Israelism, the idea of a nation or people’s direct descent from one of the ten lost tribes of Israel, or the appropriation of Jewish ideas or texts for use in new belief systems, is not unique to the Mormon faith. At the height of British imperial power in the early twentieth century, notions of a lineage from King David to the House of Windsor were too at their zenith. The country’s national canon is awash with Israelism and references to Jerusalem, ranging from the King James Bible to the poetry of William Blake.
But it is the recent spate of stories regarding Mormon posthumous baptism of deceased Jews — an activity, it should be noted, which is neither secretive nor obscure within the faith — including Anne Frank, Simon Wiesenthal, Daniel Pearl, and the not-yet-dead Elie Wiesel that has brought into question the peculiar relationship which exists between Mormonism and Judaism, one where feelings of love and admiration very much journey down a one way street.
On the one hand, as a branch of Christianity, there is nothing inherently unusual about the fact that 25,000 words of the Book of Mormon are taken directly from the Old Testament. Nor that, of the 350 names published in the text, more than 100 are lifted straight out of the Bible, and the same amount again are near matches.
Yet there is something inherently distinctive about the Latter Day Saints’ origin story. For, Mormons believe themselves to be the spiritual descendants of the Nephites, a lost tribe of Israel who led by the prophet Lehi fled Jerusalem around 600 BC at the time of the Babylonian conquest, ending their journey in the New World by 586 BC.
The golden plates from which the Book of Mormon is derived were claimed, by the faith’s founder Joseph Smith, to have been revealed to him in upstate New York by the angel Moroni, the last Nephite who chronicled the adventures of his wandering tribe after it was all but wiped out by the Lamanites (another lost tribe) in a series of wars which occurred in the 4th century AD. The baptisms themselves occur in large fonts of water that rest upon twelve oxen, representative of the tribes of Israel.
Major biblical events are also said to have occurred in the Americas. Independence, Missouri was declared the site of the Garden of Eden, and Daviess County the location of Adam-ondi-Ahman, where Adam and Eve lived following their fall and castigation. And, just as Jesus of Nazareth was said in an apocryphal to have visited Britain with Joseph of Arimathea, so too did he minister to the Nephites in the Americas and appear before Joseph Smith in upstate New York in 1820, in what is known as the First Vision.
Mormon Israelism shares therefore traits with that exhibited in other national cultures which have claimed at one time or another descent from the tribes of Israel. In the aforementioned case of Britain, attempts to establish union between London and Jerusalem were as Christopher Hitchens terms it “impressed by the nascent idea of English Manifest Destiny,” in which the English people “replaced the Hebrews as God’s chosen.” Not only that, but to build Jerusalem in England’s “green and pleasant land” meant to construct a nation that was not fragmented, tribal, or insular but rather everlasting and at unity in itself.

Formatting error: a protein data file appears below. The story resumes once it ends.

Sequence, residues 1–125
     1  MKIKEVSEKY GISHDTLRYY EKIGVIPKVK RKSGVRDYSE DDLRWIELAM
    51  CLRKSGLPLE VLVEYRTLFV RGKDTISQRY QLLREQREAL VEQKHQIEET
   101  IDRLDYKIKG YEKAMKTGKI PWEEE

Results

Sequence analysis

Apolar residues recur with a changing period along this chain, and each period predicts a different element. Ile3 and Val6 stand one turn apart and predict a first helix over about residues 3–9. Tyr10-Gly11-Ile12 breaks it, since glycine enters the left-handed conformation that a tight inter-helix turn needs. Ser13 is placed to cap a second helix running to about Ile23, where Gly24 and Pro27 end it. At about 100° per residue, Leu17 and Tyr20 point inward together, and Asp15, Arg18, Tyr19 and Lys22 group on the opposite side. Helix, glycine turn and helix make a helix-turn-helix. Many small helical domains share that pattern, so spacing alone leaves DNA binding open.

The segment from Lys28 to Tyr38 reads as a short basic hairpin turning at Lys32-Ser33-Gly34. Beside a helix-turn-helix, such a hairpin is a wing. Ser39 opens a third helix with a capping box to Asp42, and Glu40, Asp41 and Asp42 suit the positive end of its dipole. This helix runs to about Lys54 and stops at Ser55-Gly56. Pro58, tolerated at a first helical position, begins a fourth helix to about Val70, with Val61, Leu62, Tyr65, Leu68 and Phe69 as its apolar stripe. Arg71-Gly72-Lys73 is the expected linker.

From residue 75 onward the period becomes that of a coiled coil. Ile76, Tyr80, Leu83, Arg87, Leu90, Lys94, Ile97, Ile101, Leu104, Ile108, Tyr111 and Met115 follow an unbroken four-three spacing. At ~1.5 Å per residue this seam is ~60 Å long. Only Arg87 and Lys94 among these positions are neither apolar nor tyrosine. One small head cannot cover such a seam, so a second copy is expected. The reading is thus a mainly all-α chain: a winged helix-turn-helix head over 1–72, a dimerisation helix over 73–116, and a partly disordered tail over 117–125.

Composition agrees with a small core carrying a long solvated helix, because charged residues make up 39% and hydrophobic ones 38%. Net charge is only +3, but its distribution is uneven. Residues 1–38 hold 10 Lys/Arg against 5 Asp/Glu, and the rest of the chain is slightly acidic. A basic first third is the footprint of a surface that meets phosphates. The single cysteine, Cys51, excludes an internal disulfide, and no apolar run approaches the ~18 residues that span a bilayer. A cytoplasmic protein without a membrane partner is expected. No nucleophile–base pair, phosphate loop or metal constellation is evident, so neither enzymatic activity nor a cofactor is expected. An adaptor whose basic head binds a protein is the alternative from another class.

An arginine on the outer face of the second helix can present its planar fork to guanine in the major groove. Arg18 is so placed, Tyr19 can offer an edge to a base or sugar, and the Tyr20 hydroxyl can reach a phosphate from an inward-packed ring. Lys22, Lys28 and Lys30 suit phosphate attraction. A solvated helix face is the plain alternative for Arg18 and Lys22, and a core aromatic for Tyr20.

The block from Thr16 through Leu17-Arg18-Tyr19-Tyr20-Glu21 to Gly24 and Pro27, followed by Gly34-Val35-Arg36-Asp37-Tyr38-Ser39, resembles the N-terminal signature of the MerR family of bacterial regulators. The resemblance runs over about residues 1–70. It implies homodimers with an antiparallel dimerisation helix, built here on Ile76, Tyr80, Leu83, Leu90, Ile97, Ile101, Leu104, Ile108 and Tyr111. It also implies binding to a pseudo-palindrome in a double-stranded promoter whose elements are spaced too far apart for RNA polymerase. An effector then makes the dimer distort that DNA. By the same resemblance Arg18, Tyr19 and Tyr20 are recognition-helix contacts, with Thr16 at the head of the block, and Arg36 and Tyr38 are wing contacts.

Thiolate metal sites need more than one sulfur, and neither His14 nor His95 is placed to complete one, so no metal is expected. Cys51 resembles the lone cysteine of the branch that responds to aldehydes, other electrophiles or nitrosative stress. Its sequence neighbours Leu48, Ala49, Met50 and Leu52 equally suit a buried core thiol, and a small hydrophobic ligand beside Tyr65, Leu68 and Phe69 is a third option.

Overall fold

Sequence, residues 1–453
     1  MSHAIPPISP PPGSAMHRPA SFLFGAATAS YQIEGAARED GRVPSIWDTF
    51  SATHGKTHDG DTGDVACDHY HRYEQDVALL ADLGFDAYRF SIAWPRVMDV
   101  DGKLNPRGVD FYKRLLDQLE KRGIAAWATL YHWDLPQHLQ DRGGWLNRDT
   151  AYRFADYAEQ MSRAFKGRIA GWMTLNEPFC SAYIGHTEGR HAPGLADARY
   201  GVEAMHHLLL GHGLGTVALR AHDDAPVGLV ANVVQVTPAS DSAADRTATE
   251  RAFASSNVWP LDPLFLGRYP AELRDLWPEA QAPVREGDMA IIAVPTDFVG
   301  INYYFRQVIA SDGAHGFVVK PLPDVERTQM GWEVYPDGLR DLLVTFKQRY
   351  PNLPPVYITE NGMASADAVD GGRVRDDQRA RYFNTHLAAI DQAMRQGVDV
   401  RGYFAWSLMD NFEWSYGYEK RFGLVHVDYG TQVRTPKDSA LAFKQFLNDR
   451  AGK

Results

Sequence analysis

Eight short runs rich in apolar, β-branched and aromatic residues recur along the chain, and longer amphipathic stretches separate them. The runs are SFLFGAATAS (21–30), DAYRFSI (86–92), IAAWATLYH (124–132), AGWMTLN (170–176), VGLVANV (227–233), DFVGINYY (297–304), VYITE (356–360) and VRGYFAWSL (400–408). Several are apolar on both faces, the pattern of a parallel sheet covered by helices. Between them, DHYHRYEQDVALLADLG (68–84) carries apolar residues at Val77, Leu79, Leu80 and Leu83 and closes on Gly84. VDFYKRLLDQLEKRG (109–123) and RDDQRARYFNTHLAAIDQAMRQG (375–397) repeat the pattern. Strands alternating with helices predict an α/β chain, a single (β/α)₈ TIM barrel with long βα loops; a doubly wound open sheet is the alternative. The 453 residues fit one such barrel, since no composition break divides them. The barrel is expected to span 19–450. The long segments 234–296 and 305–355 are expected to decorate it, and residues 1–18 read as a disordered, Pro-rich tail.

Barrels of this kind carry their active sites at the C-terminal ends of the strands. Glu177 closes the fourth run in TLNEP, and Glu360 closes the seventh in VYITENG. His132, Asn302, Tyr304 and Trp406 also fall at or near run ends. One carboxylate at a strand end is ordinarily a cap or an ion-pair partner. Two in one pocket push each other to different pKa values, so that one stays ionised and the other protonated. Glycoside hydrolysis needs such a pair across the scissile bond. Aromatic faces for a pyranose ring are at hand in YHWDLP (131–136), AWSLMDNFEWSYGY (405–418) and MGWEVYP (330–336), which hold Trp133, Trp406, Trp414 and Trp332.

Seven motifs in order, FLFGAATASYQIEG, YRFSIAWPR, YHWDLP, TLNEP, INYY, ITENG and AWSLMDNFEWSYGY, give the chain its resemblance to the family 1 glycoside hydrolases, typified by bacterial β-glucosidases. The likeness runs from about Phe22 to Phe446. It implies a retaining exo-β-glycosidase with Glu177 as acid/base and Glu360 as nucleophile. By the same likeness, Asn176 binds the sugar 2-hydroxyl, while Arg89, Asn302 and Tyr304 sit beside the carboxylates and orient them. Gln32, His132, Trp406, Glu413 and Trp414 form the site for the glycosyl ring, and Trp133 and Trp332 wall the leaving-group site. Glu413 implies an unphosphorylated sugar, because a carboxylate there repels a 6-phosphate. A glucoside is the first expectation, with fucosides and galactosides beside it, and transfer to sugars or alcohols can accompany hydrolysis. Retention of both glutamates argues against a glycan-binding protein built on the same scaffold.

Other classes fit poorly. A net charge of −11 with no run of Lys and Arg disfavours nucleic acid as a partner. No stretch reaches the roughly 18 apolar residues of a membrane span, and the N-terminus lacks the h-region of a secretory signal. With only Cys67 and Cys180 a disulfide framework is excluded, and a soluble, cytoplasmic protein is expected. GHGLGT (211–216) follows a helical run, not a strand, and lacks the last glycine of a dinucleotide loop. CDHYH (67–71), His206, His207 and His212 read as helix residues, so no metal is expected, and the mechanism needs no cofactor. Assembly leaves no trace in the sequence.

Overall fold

Mormonism, a religion whose birth and baptism of fire came during the era of American Manifest Destiny and sweeping expansion from one sea to the other, is in itself an attempt to cement the nation’s place in the world by taking the events, people, and ideas central to Judaism and the Bible and placing them in a decidedly American context.
Yet the desire to demonstrating an emotional, spiritual, or indeed fraternal connection between the LDS Church and the land and people of Israel is also a sign of Mormon philo-Semitism. Ever since the apostle Orson Hyde visited Jerusalem in 1841, the Mormon faith has dedicated itself to the return of world Jewry to Israel. Furthermore, as expressed by Mormon blogger Mark Paredes, “the 14 million members of the most persecuted major religion in American history have a special affinity for the 14 million members of the most persecuted major religion in world history.” They would not therefore interpret posthumous baptism of Holocaust victims as sinister, but rather it is a sign of love and compassion, and concern regarding one’s fate in the afterlife.
But it is this concern, operating in tandem with their philo-Semitism, which has caused leaders within the Jewish community, and relatives of the freshly-initiated, to react so vociferously. Wiesel called the practice “scandalous; Pearl’s widow said the Church had shown “a lack of respect for Danny and his parents.”
Such hostility is nothing new: When the Church of Latter Day Saints proposed constructing an educational facility in East Jerusalem in the 1980s, their plans were met with uproar and protest amongst the city’s Hasidic community, who feared Mormons proselytizing on the city’s streets. These fears are surely only heightened when individuals such as David B. Galbraith, former director of the BYU Jerusalem Center, proclaim that the in-gathering of world Jewry in the land of Israel is “a doctrinal imperative” — an event, central to Christian Zionist and Mormon theology, designed to trigger the Second Coming and the end of all things.
Some, including Boston Globe columnist Jeff Jacoby, have made the case that Jews who are secure in their faith and identity need not worry about such things, since in Judaism, “conversion after death is a concept without meaning.” In this instance, Mormon Israelism is in essence harmless. What has incensed opponents of the practice, however, is not the ordinance per se, but the sentiment behind it, the feeling that the souls need to be saved at all. Such concerns are all the more amplified when applied to posthumously-baptised victims of the Shoah, who were after all slaughtered on account of their religious identity.